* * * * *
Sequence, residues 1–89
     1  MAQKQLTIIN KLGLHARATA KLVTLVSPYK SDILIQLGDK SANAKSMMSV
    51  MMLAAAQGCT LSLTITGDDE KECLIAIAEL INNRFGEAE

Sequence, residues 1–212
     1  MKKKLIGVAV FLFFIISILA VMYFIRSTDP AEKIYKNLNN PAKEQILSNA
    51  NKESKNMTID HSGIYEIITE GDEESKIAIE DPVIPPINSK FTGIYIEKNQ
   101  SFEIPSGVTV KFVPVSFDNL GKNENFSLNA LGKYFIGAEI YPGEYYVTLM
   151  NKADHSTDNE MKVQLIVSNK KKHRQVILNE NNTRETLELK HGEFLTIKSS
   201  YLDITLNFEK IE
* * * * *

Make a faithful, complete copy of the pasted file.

Sequence, residues 1–89
     1  MAQKQLTIIN KLGLHARATA KLVTLVSPYK SDILIQLGDK SANAKSMMSV
    51  MMLAAAQGCT LSLTITGDDE KECLIAIAEL INNRFGEAE

Sequence, residues 1–212
     1  MKKKLIGVAV FLFFIISILA VMYFIRSTDP AEKIYKNLNN PAKEQILSNA
    51  NKESKNMTID HSGIYEIITE GDEESKIAIE DPVIPPINSK FTGIYIEKNQ
   101  SFEIPSGVTV KFVPVSFDNL GKNENFSLNA LGKYFIGAEI YPGEYYVTLM
   151  NKADHSTDNE MKVQLIVSNK KKHRQVILNE NNTRETLELK HGEFLTIKSS
   201  YLDITLNFEK IE